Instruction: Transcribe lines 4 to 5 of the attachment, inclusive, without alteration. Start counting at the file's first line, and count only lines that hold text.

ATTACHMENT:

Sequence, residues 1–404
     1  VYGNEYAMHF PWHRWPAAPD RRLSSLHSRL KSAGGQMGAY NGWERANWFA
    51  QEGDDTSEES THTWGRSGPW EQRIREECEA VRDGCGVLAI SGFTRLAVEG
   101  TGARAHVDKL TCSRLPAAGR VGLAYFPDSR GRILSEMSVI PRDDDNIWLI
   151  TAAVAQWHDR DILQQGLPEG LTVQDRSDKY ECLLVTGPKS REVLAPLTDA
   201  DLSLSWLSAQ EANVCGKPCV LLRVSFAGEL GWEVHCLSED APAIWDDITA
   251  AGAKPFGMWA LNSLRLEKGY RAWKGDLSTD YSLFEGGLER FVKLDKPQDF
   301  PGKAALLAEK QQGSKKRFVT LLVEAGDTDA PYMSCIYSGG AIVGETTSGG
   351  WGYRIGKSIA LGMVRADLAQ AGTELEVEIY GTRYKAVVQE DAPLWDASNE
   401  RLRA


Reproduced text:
   101  TGARAHVDKL TCSRLPAAGR VGLAYFPDSR GRILSEMSVI PRDDDNIWLI
   151  TAAVAQWHDR DILQQGLPEG LTVQDRSDKY ECLLVTGPKS REVLAPLTDA